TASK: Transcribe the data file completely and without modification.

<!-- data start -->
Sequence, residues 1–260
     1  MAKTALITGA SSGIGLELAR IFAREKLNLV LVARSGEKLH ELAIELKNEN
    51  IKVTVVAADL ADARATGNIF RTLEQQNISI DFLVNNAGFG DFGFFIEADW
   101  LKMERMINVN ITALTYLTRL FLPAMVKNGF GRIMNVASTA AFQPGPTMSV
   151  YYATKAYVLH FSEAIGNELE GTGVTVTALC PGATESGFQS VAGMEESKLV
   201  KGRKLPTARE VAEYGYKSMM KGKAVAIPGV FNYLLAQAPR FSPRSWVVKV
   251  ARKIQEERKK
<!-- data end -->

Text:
Sequence, residues 1–260
     1  MAKTALITGA SSGIGLELAR IFAREKLNLV LVARSGEKLH ELAIELKNEN
    51  IKVTVVAADL ADARATGNIF RTLEQQNISI DFLVNNAGFG DFGFFIEADW
   101  LKMERMINVN ITALTYLTRL FLPAMVKNGF GRIMNVASTA AFQPGPTMSV
   151  YYATKAYVLH FSEAIGNELE GTGVTVTALC PGATESGFQS VAGMEESKLV
   201  KGRKLPTARE VAEYGYKSMM KGKAVAIPGV FNYLLAQAPR FSPRSWVVKV
   251  ARKIQEERKK